It's that point in the semester when I can hardly get my head above water to breathe. School's super-busy and I'm desperately trying to finish my novel revisions in the cracks between. (I've just worked for ten hours without stopping but realize I will explode if I keep on working tonight! So I'm going to go out and get the paper & come home to read & fume over the NYTBR.)
It's a pity that the two things I've found time to sneak in over the last few days were both disappointing. I was terribly looking forward to P. B. Kerr's The Akhenaten Adventure, the first volume in a young-adult fantasy trilogy called Children of the Lamp. I think quite well of his novels for adults (Esau and The Grid were pretty absurd & over-the-top, but I liked A Philosophical Investigation and the novels in the Berlin Noir trilogy are good). And I love young-adult fantasy trilogies (Philip Pullman and Garth Nix are my heroes). But this is pretty lame. Well, to be fair, it's for younger kids, and it's very "read-aloud"-y, neither of which things do I particularly like. Call me a humorless American, but I'm not particularly taken with the jokes about the Egyptians, the French and so on. But the main thing is that the characters never really come to life, and there's also no sense of real danger here even at the most supposedly thrilling points of the plot. Compare this to any of Diana Wynne Jones's Chrestomanci books, for instance, and it's easy to see what's missing.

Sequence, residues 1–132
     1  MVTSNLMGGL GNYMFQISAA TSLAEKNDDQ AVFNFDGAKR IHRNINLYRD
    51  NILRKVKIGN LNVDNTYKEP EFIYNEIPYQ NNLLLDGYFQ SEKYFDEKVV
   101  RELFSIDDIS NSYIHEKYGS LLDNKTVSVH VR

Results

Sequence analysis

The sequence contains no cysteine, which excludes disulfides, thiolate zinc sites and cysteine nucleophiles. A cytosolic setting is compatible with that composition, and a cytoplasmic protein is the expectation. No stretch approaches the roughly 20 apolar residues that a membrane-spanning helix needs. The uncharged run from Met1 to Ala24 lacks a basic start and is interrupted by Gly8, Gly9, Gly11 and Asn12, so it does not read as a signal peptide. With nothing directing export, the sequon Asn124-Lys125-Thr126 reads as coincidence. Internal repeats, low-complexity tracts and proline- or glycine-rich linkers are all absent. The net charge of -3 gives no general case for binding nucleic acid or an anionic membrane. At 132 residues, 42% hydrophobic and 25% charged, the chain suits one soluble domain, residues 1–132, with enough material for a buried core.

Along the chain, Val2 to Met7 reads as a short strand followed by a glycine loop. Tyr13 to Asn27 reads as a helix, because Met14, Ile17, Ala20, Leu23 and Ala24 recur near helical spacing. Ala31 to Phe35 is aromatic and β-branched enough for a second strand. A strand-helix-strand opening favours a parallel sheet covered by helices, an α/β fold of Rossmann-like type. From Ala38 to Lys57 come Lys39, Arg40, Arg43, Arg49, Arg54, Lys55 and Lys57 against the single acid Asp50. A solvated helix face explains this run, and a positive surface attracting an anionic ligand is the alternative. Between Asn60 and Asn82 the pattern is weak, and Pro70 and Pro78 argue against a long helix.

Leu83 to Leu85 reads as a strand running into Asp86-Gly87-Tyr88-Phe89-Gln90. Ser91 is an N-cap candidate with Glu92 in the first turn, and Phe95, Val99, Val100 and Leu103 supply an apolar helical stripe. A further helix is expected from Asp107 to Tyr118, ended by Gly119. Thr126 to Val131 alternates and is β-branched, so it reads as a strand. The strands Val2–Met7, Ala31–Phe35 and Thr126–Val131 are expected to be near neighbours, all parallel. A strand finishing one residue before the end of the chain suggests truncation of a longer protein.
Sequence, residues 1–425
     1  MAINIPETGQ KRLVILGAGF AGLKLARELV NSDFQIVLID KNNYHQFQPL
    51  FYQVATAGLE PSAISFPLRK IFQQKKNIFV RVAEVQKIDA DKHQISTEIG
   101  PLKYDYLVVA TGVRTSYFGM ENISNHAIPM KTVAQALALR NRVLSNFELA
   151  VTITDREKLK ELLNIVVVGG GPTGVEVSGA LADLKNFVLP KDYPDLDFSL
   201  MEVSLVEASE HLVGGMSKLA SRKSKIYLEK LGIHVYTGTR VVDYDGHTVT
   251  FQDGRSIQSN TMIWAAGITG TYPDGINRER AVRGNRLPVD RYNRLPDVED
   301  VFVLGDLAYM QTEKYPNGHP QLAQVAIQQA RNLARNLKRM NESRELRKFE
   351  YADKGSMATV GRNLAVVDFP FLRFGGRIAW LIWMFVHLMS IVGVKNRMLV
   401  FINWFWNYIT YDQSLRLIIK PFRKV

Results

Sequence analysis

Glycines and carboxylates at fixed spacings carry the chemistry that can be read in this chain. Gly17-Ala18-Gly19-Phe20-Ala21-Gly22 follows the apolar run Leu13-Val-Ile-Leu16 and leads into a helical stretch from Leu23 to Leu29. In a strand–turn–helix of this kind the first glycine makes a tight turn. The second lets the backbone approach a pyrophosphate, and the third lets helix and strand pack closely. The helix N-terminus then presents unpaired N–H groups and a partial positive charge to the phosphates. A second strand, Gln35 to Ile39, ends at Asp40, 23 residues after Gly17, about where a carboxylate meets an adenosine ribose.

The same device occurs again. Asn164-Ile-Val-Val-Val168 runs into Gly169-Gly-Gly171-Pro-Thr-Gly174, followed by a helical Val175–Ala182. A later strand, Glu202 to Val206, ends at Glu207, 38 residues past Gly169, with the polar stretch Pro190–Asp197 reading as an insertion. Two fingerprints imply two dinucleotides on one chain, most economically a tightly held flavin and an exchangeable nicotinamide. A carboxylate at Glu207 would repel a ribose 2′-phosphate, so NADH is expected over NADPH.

The other thing was less of a disappointment because I had such low expectations to begin with. And indeed Eve Ensler's "The Good Body" is not at all my cup of tea. It's really a sort of a cult, as far as I can tell, like Est or Scientology. (I believe Est=Landmark Forum in this day and age.) Yeah, sure, she's doing a critique, but there is something wretchedly self-defeating about performing this kind of obsessiveness with the flaws of her own body! It manages at one and the same time to be sort of bland and middlebrow and also obnoxiously doctrinaire about feminism. It reminded me of Naomi Wolf's "The Beauty Myth." And no, this is not a compliment.
Work's been much more rewarding than pleasure, in other words. It's not the point of this blog to say much about what I read/hear in work-related contexts, but I will say that Luke Gibbons is a very interesting man and his book about Edmund Burke quite brilliant; and my colleague Joey Slaughter has a powerful argument about human rights and narratives of development but I can't find anything good to link to.